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For most people a visit to Florida in America is usually for a trip to the theme parks of Disney or Universal studios, or maybe for the sun and glorious beaches of Miami. But less than an hour away from Miami International Airport are the Florida Keys. The best way to see them is to hire a car from the airport and take yourself on a little road trip. The easiest and cheapest way to hire a car is do it from the UK before you leave.


So what are the Florida Keys? They are an island archipelago starting from the southeastern tip of the United States‘ state of Florida. They begin about 15 miles (24 km) south of Miami and extend out toward the southwest and then west toward the Gulf of Mexico. In total there are over 1700 islands but very few of these are populated and most are very small. The tropical climate in the keys means sunny weather year-round, perfect for surf and sand activities.


You could drive straight from Miami Airport to Key West which is the last key in about four and a half hours – but where’s the fun in that when there is lots to see and do along the way?



Sunset in Key Largo, Florida Keys, paints a pretty picture at the Kona Kai Resort. Photo by Bob Krist/Florida Keys News Bureau
Photo credit: Bob Krist/Florida Keys News Bureau

We picked up our hire car and GPS and set off towards the Overseas Highway – this is the main road which takes you all the way through the Keys, right to the very end. Our first stop and just an over an hour after setting off from the airport we stopped off at Key Largo. There are lots of national parks and sights of natural beauty throughout the keys but the first you will come across is John Pennekamp Coral Reef State Park which is in Key Largo. It’s the first undersea park in America and it’s the coral reefs and their associated marine life that bring most visitors to the park.


Many enjoy the view of the reef from a glass-bottom boat tour which you can book in advance, but visitors can also get a closer look by scuba diving or snorkelling.  You can also Canoe and Kayak through the park’s waters and fish in some designated areas.


As you drive along the Overseas Highway you will see mile markers, this tells you how many miles you’ve got left till you reach the southernmost point of the keys which is mile marker zero. After checking out of our hotel in Key Largo we headed to Marathon which is in an area called the Middle Keys. Our first stop was at the Dolphin Research Centre which is a not-for-profit organisation and the home of the original Flipper the dolphin from the TV series of the same name.


Here visitors can take part in a variety of interactive events like swimming with the dolphins, getting the dolphins to paint you a t-shirt (yes really) or even be a trainer or researcher for the day.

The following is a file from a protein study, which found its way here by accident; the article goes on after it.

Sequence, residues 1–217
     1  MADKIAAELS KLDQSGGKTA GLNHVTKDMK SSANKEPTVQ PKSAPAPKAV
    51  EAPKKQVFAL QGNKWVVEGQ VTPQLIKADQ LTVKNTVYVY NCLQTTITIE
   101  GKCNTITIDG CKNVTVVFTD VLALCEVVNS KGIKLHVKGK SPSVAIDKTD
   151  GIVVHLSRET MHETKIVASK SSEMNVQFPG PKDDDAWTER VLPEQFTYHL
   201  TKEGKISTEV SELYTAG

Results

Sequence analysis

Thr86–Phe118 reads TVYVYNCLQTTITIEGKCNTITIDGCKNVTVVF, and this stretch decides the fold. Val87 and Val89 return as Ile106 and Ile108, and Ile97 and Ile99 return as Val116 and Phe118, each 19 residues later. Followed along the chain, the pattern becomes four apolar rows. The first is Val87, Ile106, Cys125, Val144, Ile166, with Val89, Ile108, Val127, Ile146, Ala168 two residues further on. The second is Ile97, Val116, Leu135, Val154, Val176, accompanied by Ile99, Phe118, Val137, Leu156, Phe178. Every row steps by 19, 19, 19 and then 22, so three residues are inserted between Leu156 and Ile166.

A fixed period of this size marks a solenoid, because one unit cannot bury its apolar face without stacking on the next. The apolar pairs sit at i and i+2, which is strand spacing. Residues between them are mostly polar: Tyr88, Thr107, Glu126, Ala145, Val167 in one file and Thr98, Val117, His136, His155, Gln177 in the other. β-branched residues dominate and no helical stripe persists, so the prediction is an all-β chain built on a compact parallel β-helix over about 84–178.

These get booked up very quickly so if it’s something you fancy then I suggest you book it well in advance. I was lucky enough to shake a dolphin’s fin, give it some instructions and get up close and personal without having to get in the water. You can easily spend the whole day here watching the dolphins which are swimming happily in specially-built lagoons in the sea, as well as listen to the talks given throughout the day by some of the research centre staff.


No visit to the centre is complete without a visit to the gift shop where you can take home a little souvenir and keepsake of your visit.

Photo Credit:
Photo Credit:

If your visit to the Dolphin Research Centre still doesn’t satisfy your need to see some of the most amazing wildlife in the keys then a short drive from there is the Turtle Hospital. This is another not-for-profit facility and it is an actual hospital where they have ambulances to pick up injured and poorly turtles and an operating theatre and medical facilities on-site. You can visit the hospital on a daily basis but as it’s a working facility the number of people on the tours are limited per day. So again if you want to see some of the great work they do then book in advance – it’s definitely well worth a visit.


The hospital also does several Turtle releases back into the sea several times a year for those who are well enough to leave, so if you happen to be in the keys when this is happening then try not to miss it.

Now you can’t come to the Keys without visiting the infamous Seven Mile Bridge which is just past Marathon. It is the longest of the 43 bridges in the keys that connects the smaller islands and it’s also the most iconic. You can park your car near the old bridge to access it by foot.


It is definitely worth a stop off for the views and some breath-taking photos and if you have time a visit to Bahia Honda National Park is a must.  It has the best beach on the keys – imagine white sands and crystal blue sea as far as the eye can see and it pretty much sums up the beach. There also picnic areas and a Butterfly trail within the park. There is a small entrance fee to pay but it’s worth every cent.

By Ushma Mistry


Photo Credit: Andy Newman/Florida Keys News Bureau/HO)
Photo Credit: Andy Newman/Florida Keys News Bureau/HO)




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